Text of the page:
Famous bugging cases throughout history

(Getty)
(Getty)

The high drama around the All Blacks leading up to their Test with Australia in the weekend wasn't about the match.

It was all about bugging, after staffers found a listening device in their hotel room.

Clearly it didn't work, or maybe nobody was listening - the Wallabies got a pantsing.

So just how common is this?

Our Prime Minister says he's been targeted.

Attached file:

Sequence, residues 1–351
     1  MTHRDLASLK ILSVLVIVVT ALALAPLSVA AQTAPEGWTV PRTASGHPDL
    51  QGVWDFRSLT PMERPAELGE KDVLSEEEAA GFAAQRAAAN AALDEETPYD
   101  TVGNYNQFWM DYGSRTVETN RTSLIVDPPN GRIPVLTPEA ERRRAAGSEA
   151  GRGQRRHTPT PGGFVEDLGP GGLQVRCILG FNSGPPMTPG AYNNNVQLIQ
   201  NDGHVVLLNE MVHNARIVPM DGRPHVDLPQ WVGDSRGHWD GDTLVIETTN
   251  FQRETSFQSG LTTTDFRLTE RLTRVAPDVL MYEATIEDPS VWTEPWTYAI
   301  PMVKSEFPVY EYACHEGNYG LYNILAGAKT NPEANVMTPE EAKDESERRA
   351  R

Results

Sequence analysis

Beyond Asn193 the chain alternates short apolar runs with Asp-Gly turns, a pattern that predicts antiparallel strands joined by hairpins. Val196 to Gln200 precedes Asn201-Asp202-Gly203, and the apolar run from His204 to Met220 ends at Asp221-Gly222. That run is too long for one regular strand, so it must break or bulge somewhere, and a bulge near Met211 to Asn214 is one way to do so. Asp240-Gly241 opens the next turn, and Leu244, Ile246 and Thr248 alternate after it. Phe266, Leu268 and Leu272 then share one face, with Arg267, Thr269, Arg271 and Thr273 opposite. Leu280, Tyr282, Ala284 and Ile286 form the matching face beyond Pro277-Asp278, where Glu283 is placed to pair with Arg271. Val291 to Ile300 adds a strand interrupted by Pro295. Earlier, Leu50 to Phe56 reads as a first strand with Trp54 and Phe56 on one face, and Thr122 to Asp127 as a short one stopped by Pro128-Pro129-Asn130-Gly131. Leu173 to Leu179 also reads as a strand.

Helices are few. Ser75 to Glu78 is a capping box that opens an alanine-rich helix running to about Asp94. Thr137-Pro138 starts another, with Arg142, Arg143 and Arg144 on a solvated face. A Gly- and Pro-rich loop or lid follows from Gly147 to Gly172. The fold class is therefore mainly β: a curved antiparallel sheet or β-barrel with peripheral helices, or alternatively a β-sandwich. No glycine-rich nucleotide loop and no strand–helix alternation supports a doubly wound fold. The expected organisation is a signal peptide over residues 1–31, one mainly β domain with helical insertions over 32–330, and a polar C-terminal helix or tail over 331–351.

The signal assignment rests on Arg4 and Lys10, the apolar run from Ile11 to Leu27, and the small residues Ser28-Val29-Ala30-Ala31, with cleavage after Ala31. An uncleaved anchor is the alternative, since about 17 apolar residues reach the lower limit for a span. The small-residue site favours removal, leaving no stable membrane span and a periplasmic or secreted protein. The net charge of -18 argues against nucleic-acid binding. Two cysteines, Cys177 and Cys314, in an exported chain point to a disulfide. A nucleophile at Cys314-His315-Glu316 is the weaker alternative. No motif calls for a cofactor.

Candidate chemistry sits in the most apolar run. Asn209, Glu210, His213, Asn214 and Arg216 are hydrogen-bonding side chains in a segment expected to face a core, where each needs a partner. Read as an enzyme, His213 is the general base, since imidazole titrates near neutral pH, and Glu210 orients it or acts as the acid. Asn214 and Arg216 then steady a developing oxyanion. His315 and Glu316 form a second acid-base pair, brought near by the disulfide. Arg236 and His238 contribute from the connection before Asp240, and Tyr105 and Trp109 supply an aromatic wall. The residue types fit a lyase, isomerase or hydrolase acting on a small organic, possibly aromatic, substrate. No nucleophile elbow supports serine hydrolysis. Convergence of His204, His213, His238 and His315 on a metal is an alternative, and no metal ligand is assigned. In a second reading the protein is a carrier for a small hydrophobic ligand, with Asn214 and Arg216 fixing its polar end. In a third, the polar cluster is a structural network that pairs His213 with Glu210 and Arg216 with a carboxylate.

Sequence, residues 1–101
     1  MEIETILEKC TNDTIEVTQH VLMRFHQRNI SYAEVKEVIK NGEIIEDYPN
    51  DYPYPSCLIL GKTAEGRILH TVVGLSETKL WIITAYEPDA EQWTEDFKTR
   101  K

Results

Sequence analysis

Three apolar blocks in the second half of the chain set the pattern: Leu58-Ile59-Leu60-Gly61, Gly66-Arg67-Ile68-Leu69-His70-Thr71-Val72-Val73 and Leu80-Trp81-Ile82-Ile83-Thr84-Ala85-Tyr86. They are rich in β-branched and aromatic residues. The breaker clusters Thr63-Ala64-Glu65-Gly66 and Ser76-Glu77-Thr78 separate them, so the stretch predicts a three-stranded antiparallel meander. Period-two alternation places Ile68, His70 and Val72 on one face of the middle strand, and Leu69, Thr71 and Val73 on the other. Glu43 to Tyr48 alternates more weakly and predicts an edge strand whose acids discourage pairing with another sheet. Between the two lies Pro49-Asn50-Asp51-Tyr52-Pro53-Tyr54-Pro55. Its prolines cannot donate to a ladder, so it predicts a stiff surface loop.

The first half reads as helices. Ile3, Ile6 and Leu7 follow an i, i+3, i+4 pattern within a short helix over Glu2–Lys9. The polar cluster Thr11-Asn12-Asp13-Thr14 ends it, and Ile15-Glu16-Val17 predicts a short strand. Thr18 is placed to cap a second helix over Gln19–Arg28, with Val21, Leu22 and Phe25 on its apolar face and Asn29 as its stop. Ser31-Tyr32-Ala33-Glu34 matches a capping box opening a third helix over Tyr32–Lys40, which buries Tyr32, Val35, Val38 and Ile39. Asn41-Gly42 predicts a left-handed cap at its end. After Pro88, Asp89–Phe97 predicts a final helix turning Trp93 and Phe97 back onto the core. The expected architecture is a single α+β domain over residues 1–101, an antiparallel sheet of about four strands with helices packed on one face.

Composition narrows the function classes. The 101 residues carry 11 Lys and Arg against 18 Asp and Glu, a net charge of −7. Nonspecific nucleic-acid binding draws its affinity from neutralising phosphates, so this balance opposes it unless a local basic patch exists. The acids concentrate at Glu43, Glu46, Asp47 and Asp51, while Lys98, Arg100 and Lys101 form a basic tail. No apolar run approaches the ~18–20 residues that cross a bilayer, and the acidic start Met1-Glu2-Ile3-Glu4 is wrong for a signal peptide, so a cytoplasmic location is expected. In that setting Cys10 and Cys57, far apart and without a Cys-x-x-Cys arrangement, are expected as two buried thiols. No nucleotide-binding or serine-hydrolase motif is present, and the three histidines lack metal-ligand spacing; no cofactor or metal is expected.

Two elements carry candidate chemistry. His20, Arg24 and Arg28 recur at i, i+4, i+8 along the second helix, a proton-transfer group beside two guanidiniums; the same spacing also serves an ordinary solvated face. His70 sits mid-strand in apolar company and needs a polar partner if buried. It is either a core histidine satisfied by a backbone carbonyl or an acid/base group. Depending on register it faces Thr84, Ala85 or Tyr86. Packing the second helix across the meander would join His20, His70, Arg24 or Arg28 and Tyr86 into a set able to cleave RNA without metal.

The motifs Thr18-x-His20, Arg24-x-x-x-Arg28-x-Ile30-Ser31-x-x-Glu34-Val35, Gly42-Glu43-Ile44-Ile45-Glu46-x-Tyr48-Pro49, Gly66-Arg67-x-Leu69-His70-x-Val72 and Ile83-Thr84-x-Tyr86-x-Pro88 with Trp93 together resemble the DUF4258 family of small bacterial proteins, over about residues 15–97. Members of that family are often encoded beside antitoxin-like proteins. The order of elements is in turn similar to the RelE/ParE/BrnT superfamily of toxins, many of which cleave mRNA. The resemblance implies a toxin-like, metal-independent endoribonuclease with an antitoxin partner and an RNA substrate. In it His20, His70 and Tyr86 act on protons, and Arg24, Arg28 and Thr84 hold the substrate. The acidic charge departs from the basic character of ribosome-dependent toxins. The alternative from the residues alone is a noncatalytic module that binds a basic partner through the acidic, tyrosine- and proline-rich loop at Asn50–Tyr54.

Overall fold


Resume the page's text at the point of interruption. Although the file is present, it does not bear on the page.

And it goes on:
The All Blacks were previously spied on in London in 2013 when a journalist snuck into their hotel room and revealed some crucial information from a whiteboard.

None of it's helped though - bugging or not, the All Blacks' dominance goes on.

One of the most famous bugging cases in history was at the height of the Cold War, when listening devices were found at the US embassy in Moscow, buried in the concrete.

There was also the Watergate scandal in the 1970s, when United States President Richard Nixon was forced to resign after it was discovered his administration had installed bugs at the Democratic National Committee's headquarters.

Newshub.